Born out of the coronavirus pandemic, the program began as a way to prevent farmed oysters from going to waste while restaurants were still shut down. SOAR purchases oysters from farmers who would otherwise be unable to sell them, then partners with local oyster restoration projects to return the shellfish to their natural habitats.
That has built-in benefits for coastal ecosystems. Oyster reefs help clean and filter the water, provide natural habitat for fish, and buffer coastlines against the erosion caused by wave action and sea-level rise.
SOAR’s New York partner is a program known as the Billion Oyster Project. Founded in 2014 by Murray Fisher and Pete Malinowski, it aims to restore 1 billion oysters to New York Harbor over the next 15 years. So far, it’s installed 14 reefs across the city.
This recent batch is likely the last bunch of oysters to be planted in New York City through the SOAR project—at least for the time being. With the COVID-19 vaccine rollout in full swing, the city has largely reopened, and restaurants have resumed serving shellfish.
But the program will likely continue in other forms, according to Jennifer Browning, director of Pew’s U.S. oceans program. SOAR is working to establish a permanent market, providing funding for oyster restoration projects to purchase otherwise “unsellable” oysters from farmers.
Even without the pressure of the pandemic, “anywhere from 15 to 20% of all the oysters grown by oyster farmers can’t be sold to restaurants—they’re too big or ugly or flat,” Browning told E&E News. “But if those oyster growers knew that that 20%, they could sell that, that’s a huge benefit to them—and a huge benefit to the oyster restoration community.”
A global decline
New York Harbor was once an oyster capital of the country.
“Back in the day, here in New York City, oysters were sold on street corners like pretzels are today,” said Rob Jones, global lead for the Nature Conservancy’s aquaculture program.
But over the last century, they’ve largely disappeared. In New York, that’s mainly because of pollution. As the city grew and developed, more and more sewage was diverted into the harbor. Eventually, it became unsafe to harvest oysters, and the industry shuttered.
In years since, “there are a lot of other reasons why oysters didn’t continue to thrive,” said Katie Mosher, the Billion Oyster Project’s director of programs. Dredging, used to deepen and expand the harbor, killed many of them off. Disease and poor water quality played a role, too.
It’s not a problem that’s unique to New York.
Oyster populations have plummeted up and down U.S. coastlines and elsewhere around the globe. They were decimated by overharvesting, pollution, disease and habitat destruction. In a 2011 study published in BioScience, experts estimated that about 85% of the world’s oyster reefs have vanished over the last century.
Today, scientists and environmentalists are working to bring them back.
The ecosystem benefits are clear, Jones said. Oysters provide a natural cleaning service, filtering toxins out of the water. And their clustered reefs become natural homes for fish and other marine animals, just as coral reefs do in the tropics.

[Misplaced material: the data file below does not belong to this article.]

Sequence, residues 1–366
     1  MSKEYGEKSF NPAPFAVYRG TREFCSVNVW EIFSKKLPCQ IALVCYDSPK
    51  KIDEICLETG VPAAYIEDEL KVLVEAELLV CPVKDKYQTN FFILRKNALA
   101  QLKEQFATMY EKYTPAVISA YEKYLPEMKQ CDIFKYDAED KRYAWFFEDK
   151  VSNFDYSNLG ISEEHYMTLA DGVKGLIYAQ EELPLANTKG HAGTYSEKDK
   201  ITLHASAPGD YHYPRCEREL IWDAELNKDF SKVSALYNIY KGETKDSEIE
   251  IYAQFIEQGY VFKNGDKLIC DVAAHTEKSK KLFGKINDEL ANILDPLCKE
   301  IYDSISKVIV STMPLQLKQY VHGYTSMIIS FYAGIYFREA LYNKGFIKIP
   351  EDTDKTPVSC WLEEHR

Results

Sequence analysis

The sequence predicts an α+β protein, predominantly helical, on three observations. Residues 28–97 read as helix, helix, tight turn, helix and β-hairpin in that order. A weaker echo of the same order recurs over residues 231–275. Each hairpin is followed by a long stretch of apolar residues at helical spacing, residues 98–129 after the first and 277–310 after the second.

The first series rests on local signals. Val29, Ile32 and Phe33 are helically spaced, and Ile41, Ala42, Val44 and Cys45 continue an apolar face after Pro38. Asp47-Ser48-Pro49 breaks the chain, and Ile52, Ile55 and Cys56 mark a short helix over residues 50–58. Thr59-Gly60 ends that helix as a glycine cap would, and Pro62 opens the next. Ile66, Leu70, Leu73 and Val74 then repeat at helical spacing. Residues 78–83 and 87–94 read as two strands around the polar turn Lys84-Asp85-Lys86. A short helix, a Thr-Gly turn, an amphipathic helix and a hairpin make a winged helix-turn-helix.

Like coral reefs, they also protect coastlines from erosion, breaking up waves before they hit the shore.
It’s an increasingly attractive service as climate change warms the planet. Sea-level rise is a growing threat to coastal communities worldwide, eroding shorelines and worsening floods. At the same time, global warming is making hurricanes more intense. That increases the odds of extreme storm surge and major damage to the coast.
With their coastlines flooding and their beaches steadily washing away, coastal communities are making increasingly costly investments in shoreline protections. Multibillion-dollar interventions, including building sea walls and diverting major rivers, have recently been proposed, in places such as Louisiana, South Carolina and New York.
At the same time, there’s a growing push in some coastal communities for cheaper, more sustainable interventions. “Living shorelines” offer one alternative. These are naturally cultivated coastal buffers, made up of sand, rock, marshlands and vegetation—and, sometimes, oyster reefs.
The combination of these natural protections, when put together, tends to make the biggest difference, said Antonio Rodriguez, an expert on coastal geology at the University of North Carolina. In the Southeast, for instance, where beaches are often soft and easily eroded, “the iconic configuration would be to have upland, which is a forest, and then salt marsh, and then oyster reefs,” he said.
Where natural oyster reefs have largely disappeared, experts say putting them back may help restore some natural protection. And case studies on rapidly eroding shorelines—for instance, in Alabama and Bangladesh—have shown that it can actually work.
It’s not a new idea—communities up and down the coasts have been experimenting with oyster restoration and living shorelines for decades. But the concept has gained attention in recent years